The Life and Works of Friedrich Schiller

By Calvin Thomas | Go to book overview

CHAPTER XVIII
The Maid of Orleans

Die Schönheit ist für ein glückliches Geschlecht; ein unglückliches musz man erhaben zu rühren suchen.--Letter of July 26, 1800.

IT was well observed by Wilhelm von Humboldt that Schiller's plays are not repetitions of the same thing, such as talent is wont to produce when it has once met with a success, but the productions of a spirit that ever kept wrestling anew with the demands of art. With each fresh attempt he essayed a really new theme, and taken as a whole his works exhibit a remarkable variety of substance. Each one has its own individuality, its own atmosphere. And he himself wished that this should be so; it was a part of his study to avoid repeating himself. 'One must not become the slave of any general concept',--so he wrote to Goethe in July, 1800,--'but have the courage to invent a new form for each new matter and keep the type-idea flexible in one's mind.'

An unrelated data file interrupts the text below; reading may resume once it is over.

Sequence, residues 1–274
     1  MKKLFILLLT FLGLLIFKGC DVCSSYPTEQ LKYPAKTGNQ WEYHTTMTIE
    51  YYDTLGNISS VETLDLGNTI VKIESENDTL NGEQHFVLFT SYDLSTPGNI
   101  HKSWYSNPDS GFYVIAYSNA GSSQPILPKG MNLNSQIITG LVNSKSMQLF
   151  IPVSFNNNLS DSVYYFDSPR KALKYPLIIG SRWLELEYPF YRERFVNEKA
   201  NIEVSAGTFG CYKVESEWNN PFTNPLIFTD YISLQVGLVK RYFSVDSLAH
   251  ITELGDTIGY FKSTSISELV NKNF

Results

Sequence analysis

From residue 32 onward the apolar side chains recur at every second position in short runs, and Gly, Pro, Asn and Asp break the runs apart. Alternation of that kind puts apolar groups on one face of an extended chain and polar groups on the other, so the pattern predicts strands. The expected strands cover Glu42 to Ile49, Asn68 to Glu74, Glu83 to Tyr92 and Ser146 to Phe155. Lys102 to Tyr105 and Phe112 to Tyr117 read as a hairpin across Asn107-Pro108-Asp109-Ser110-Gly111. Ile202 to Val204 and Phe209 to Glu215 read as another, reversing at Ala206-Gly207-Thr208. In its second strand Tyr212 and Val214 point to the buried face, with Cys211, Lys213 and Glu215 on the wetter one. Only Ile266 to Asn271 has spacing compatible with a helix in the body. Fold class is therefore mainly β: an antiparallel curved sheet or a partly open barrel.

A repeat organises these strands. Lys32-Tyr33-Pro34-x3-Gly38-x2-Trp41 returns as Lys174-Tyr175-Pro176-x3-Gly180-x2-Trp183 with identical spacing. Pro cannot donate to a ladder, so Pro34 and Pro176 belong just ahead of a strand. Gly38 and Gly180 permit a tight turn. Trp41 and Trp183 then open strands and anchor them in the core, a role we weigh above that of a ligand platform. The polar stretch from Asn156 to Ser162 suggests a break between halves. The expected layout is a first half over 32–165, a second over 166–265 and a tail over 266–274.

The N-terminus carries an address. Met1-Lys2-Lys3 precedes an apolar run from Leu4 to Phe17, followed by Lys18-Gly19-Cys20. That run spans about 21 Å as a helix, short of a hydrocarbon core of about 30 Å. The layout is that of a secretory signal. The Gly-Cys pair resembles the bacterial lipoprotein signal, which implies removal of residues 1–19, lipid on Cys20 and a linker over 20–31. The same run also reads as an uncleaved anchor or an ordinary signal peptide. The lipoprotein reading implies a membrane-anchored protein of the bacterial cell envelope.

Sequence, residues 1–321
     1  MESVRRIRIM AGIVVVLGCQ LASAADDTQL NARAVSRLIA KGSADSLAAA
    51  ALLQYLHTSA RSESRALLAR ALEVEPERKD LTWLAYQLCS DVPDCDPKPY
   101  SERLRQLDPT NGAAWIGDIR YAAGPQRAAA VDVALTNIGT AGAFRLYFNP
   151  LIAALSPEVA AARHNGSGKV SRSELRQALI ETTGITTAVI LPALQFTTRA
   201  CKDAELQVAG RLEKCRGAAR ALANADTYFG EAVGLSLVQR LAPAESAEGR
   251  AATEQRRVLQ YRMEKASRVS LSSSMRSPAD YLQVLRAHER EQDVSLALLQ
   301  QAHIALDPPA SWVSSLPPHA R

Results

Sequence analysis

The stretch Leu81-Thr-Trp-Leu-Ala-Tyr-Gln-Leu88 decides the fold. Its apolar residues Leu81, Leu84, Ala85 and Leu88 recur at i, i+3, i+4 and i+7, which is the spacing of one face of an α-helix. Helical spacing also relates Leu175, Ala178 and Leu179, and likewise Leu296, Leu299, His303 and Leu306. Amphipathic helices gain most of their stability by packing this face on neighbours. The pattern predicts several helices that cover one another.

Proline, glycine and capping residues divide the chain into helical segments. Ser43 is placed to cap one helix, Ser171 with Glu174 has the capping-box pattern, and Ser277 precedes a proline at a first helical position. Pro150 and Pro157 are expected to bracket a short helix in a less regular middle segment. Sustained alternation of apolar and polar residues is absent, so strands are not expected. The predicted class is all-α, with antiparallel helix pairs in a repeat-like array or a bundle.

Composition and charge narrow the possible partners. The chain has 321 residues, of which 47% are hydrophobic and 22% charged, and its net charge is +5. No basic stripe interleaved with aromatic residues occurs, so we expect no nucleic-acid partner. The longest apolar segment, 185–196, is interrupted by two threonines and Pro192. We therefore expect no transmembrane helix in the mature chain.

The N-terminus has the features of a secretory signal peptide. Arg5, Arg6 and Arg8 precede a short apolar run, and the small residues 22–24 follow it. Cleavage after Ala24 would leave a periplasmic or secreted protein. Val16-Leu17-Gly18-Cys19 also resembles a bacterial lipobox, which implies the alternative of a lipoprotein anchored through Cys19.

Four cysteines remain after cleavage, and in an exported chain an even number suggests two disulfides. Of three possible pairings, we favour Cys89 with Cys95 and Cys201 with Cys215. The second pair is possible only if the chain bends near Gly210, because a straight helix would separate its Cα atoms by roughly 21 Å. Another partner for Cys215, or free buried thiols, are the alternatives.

These words were penned with direct reference to The Maid of Orleans', which was begun very soon after the completion of 'Mary Stuart'. Whether Schiller then had in mind all those elements which subsequently led to the sub-title, I a romantic tragedy',

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